In order to find out how one of the world’s most devastating diseases overcomes state-of-the-art drugs, scientists led by Dr. Vineet KewalRamani at National Cancer Institute (NCI) are biohacking and re-engineering the HIV virus. Dr. KewalRamani and his collegues have combined pieces of HIV and another virus to create a deadly new hybrid—a tenacious little microbe that knows all the tricks of its parent pathogens. Discovering where, and how, HIV hides in the body will be a critical step towards a cure for the disease—or at least a better treatment.
Researchers from the UCLA AIDS Institute and the Institute for Stem Cell Biology and Medicine have demonstrated for the first time that human embryonic stem cells can be genetically manipulated and coaxed to develop into mature T-cells, raising hopes for a gene therapy to combat AIDS.
The study, to be published the week of July 3 in the online edition of the Proceedings of the National Academy of Sciences, found that it is possible to convert human embryonic stem cells into blood-forming stem cells that in turn can differentiate into the helper T-cells that HIV specifically targets. T-cells are one of the body’s main defenses against disease.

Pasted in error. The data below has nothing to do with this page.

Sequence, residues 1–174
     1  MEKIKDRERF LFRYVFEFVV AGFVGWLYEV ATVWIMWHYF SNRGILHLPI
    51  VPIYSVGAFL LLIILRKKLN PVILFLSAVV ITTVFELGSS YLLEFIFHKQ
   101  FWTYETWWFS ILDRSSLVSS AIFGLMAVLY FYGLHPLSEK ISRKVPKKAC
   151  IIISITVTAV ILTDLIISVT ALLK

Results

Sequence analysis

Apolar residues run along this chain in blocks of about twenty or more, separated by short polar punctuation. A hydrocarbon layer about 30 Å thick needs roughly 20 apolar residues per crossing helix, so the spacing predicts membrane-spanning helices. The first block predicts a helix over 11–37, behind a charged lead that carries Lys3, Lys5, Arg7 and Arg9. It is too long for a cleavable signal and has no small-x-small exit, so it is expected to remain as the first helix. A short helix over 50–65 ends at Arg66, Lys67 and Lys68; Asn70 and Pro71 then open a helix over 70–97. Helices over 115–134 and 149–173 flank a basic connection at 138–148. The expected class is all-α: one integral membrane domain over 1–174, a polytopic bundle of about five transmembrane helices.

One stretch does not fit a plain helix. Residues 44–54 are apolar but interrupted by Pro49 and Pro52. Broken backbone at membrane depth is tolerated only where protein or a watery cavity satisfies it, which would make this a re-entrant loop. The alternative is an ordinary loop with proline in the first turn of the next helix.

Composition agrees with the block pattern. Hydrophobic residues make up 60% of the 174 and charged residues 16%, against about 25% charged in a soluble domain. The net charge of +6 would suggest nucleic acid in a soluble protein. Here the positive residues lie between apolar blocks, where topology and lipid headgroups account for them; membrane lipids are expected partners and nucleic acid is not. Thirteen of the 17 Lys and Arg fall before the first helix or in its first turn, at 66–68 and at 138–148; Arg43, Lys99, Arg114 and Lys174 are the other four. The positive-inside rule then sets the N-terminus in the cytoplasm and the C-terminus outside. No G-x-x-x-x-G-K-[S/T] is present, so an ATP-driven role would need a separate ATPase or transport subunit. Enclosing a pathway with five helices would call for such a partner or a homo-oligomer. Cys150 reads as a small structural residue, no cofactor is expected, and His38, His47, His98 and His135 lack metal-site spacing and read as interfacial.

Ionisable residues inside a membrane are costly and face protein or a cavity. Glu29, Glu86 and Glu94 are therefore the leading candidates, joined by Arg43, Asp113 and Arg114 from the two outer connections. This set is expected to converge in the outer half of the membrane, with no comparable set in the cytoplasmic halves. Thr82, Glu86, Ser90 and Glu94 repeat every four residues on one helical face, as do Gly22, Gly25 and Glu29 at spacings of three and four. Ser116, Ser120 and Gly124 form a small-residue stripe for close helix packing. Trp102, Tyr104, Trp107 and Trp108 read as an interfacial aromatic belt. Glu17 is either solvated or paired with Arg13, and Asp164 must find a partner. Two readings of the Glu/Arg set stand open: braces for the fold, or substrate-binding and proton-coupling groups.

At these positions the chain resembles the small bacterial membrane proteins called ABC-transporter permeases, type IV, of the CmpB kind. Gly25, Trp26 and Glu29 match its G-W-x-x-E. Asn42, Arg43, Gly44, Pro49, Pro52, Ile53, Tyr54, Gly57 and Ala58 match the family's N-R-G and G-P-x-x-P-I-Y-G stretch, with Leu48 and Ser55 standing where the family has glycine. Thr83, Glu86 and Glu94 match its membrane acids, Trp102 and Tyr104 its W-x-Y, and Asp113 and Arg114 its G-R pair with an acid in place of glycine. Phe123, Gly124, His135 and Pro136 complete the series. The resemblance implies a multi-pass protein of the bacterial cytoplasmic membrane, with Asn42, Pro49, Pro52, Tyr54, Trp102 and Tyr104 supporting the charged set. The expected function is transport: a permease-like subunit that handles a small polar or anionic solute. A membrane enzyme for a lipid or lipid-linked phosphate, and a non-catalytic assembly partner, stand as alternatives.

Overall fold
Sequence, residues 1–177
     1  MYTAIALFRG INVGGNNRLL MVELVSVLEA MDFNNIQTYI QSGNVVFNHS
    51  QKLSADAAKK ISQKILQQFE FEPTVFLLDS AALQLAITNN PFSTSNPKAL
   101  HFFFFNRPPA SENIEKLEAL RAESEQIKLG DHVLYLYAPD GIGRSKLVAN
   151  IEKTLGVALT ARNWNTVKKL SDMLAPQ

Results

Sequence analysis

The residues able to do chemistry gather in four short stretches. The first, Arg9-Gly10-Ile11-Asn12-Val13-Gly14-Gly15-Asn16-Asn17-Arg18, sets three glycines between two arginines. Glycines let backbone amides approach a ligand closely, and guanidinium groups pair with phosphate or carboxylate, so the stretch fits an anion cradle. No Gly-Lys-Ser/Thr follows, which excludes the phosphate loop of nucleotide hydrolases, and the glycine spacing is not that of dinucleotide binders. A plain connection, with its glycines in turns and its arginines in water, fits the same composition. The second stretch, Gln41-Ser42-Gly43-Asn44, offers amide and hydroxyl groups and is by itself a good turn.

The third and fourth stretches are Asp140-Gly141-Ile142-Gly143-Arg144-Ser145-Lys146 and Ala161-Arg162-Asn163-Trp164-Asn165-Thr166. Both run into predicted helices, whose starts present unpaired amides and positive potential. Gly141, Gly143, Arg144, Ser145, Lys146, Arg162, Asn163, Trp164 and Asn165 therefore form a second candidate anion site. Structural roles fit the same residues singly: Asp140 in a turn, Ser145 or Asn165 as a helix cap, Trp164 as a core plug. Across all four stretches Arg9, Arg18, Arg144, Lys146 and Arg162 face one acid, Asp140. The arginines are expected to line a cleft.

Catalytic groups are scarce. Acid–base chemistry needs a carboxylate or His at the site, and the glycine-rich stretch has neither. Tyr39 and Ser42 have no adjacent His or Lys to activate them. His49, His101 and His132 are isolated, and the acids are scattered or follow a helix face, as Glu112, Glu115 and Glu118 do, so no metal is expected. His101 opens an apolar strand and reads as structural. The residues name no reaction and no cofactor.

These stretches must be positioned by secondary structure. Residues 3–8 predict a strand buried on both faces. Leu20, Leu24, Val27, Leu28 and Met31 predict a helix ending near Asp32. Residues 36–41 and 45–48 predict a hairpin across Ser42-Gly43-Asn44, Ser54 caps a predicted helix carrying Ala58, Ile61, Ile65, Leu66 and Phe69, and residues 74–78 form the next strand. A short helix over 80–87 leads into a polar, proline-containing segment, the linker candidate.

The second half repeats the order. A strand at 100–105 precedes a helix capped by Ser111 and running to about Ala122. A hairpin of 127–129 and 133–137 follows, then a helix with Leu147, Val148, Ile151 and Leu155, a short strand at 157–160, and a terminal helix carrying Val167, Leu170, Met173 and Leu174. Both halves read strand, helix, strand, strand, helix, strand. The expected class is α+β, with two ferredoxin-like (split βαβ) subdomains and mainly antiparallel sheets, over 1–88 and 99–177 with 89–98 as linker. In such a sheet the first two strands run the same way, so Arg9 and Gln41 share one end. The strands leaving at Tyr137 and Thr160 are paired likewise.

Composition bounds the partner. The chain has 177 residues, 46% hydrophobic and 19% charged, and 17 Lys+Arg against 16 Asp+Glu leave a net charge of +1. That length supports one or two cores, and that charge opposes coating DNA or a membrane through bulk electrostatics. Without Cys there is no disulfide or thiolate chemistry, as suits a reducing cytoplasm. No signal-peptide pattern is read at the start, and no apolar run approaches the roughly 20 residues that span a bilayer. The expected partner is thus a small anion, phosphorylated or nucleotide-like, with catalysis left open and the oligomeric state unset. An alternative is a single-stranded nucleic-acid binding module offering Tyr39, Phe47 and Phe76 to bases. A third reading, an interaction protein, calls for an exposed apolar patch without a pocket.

Continue reading “Researchers develop T-cells from human embryonic stem cells”
The virulence characteristic of HIV-1–the virus predominantly responsible for human AIDS–might amount to an accident of evolution, new evidence reveals. A gene function lost during the course of viral evolution predisposed HIV-1 to spur the fatal immune system failures that are the hallmarks of AIDS, researchers report in the June 16, 2006 Cell.
New insights into how a subpopulation of helper T-cells provides immunity and promotes survival following infection with an AIDS-like virus offer a new means of predicting an AIDS vaccine's effectiveness, a discovery that could help scientists as they test these vaccines in clinical trials.
As the world marks the 25th year since the first diagnosed case of AIDS, groundbreaking research by scientists at Florida State University has produced remarkable three-dimensional images of the virus and the protein spikes on its surface that allow it to bind and fuse with human immune cells.
Findings from this AIDS research could boost the development of vaccines that will thwart infection by targeting and crippling the sticky HIV-1 spike proteins.